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Warhammer 40,000® Necron Destroyer

By - images & text © 2002

Scale: 1/35 - about 4"/ 10.2 cm long
Parts: 13 injection-molded plastic parts on two sprues
Instructions: A small square on the back of the box it comes in, but not difficult to follow
Decals: Waterslide
Molding Quality: 9 - no flash, negligible mold seams
Detail: 8 - decent, given the size and media
Accuracy: 10. Looks like a Nercon Destroyer
MSRP: $14.99 USD (~$23.53 CAN/ 14.83 EUR) available from comics and gaming miniature retailers worldwide
Overall Rating: 9 - great simple project and change of pace

[Click to enlarge]

Lately I have been hearing complaints that you can't purchase a decent kit from Games Workshop for their Warhammer 40,000 line without dropping a small fortune.

[Click to enlarge]

^ Parts

Image: Basic skinner assembly


^ Head/torso Image: Basic weapon assembled V Completed model

[Left side - Click to enlarge]

[Front - Click to enlarge]

[Top/rear - Click to enlarge]

Image: Rear view

Image: Top view

Well, that did not sit well with me, so I decided that I would find and build kits you can get from Games Workshop for less then twenty dollars.

The Quest Begins

After collecting my twenty-dollar allowance I made a beeline to the local game store to look for the subject of my first review. That's when it hit me: I had a bad case of Molders Block! All those kits, and the money to pay for one of them, but nothing jumped out at me and yelled, " Build me!" A few had some nice detail on them, a few I thought would be under twenty bucks turned out to be in the thirty and forty dollar range (ouch!). Was my first review doomed? Then I spotted it: nestled between an Ork Battle Force box and Space Marine Lanspeeder was the Necron Destroyer kit.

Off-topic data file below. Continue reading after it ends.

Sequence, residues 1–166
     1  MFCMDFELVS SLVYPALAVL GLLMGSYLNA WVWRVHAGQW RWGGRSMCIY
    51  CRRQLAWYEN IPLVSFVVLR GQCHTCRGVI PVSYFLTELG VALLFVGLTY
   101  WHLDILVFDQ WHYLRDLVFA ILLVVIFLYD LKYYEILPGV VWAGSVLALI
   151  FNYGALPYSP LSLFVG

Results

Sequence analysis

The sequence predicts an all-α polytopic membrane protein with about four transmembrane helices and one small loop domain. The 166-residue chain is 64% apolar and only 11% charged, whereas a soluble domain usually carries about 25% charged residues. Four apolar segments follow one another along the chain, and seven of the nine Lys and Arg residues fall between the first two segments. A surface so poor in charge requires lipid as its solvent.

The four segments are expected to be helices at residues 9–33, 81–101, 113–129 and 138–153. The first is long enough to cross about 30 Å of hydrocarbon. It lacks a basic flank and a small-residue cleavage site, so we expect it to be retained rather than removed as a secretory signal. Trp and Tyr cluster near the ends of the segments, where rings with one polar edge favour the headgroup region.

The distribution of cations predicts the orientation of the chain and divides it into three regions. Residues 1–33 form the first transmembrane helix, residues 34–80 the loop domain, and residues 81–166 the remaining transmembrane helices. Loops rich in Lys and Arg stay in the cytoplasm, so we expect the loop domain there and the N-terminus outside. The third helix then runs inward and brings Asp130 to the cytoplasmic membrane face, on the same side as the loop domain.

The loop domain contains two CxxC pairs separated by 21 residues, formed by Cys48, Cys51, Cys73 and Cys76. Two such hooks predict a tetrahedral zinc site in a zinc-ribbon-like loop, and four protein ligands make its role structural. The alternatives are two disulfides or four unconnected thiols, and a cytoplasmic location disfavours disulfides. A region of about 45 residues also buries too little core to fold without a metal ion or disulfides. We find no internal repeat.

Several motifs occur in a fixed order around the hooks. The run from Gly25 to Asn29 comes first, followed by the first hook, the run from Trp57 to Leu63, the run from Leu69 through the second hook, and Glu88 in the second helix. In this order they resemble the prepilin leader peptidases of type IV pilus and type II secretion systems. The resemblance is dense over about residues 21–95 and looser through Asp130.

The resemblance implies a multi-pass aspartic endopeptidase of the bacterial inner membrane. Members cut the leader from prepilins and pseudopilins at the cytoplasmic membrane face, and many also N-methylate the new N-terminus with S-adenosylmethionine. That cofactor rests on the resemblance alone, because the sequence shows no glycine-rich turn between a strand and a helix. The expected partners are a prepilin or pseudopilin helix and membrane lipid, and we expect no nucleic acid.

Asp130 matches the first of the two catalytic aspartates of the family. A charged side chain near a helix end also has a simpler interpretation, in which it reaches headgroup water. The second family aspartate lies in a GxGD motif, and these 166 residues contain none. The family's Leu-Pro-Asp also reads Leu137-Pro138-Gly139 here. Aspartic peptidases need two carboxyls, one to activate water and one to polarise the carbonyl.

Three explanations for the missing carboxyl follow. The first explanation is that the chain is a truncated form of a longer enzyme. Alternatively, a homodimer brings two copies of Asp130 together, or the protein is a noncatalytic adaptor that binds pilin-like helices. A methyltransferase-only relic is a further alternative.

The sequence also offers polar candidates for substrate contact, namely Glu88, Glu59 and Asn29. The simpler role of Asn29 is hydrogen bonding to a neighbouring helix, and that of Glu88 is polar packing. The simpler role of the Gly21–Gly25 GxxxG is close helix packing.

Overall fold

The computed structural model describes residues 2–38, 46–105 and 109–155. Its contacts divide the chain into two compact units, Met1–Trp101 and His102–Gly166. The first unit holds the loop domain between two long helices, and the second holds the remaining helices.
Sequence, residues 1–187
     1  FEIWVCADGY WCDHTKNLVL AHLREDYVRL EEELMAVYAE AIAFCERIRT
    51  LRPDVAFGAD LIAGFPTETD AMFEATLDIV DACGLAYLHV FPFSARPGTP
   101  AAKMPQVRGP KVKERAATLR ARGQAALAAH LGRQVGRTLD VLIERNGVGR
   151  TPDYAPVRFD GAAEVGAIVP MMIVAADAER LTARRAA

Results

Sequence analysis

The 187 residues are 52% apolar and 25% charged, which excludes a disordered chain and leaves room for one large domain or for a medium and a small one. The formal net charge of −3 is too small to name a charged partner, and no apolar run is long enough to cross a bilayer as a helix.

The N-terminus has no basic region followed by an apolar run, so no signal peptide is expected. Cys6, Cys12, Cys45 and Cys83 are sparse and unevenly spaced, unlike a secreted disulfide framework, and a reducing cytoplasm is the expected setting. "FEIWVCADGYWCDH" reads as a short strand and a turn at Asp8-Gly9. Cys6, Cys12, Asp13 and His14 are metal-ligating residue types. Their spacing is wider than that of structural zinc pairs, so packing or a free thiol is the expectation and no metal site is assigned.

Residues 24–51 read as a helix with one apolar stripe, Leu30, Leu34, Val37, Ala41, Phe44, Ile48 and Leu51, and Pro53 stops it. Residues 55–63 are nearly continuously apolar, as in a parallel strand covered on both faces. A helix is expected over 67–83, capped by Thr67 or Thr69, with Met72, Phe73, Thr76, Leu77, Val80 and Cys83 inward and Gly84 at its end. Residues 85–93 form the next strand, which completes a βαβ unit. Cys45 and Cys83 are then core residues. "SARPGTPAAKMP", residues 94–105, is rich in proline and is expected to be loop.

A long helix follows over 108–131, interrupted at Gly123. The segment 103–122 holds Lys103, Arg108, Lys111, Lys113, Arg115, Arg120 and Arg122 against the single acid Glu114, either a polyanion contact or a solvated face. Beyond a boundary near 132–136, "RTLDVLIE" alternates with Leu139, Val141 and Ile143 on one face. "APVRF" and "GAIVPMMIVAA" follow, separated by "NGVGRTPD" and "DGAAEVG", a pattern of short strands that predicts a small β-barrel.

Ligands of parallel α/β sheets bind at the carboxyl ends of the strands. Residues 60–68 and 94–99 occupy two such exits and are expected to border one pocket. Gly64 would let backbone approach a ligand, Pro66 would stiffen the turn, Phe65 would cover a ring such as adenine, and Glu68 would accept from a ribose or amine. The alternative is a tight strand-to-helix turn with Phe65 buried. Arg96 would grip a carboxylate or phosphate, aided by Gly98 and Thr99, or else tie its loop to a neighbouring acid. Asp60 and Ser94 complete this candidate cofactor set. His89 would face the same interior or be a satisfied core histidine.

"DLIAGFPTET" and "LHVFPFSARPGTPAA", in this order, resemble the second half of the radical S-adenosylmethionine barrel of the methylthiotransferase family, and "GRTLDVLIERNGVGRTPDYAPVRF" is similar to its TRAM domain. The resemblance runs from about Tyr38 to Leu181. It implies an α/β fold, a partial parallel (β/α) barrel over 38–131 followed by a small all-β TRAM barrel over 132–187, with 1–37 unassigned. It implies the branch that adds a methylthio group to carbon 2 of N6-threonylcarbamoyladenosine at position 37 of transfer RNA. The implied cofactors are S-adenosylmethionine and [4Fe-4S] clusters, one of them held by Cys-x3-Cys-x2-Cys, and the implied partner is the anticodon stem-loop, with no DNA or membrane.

Prep Work

After a speedy purchase, and even speedier getaway, I ended up back at home with the new kit. I opened the box for a quick look to see what my $14.99 bought. The dark gray plastic parts were attached to two halves of a sprue that has been broken down the middle. You also receive a sheet of sheet of golden colored Nercon glyph-like decals, a clear plastic base and stand rod, and four small green colored rods.

All parts were accounted for according to the instructions, and not one scratch or dent in them. After the inventory, the sprues received a bath in dish soap and Windex, then a quick scrub with an old toothbrush (Note to self: need new toothbrush) and then a good rinse. Now the parts are ready go under the knife.


Sitting at my model bench I studied the two sprues that contain the parts to the destroyer. Sprue one holds the parts for the bottom and top part of the skimmer. Sprue two has the all the parts needs to build the upper torso and the main weapon. The parts do have some minor molds lines that can be easily scraped off with the back of a hobby knife. Be careful when removing them from the sprue; some parts are thin or small and can easily be nicked beyond repair.

I started by removing the four parts needed for the bottom of the skimmer. The top and bottom of the skimmer were clipped off with no problems; the lower spine need a little more care due to were the sprue attached on the hip area, and then the front plate for the hip area.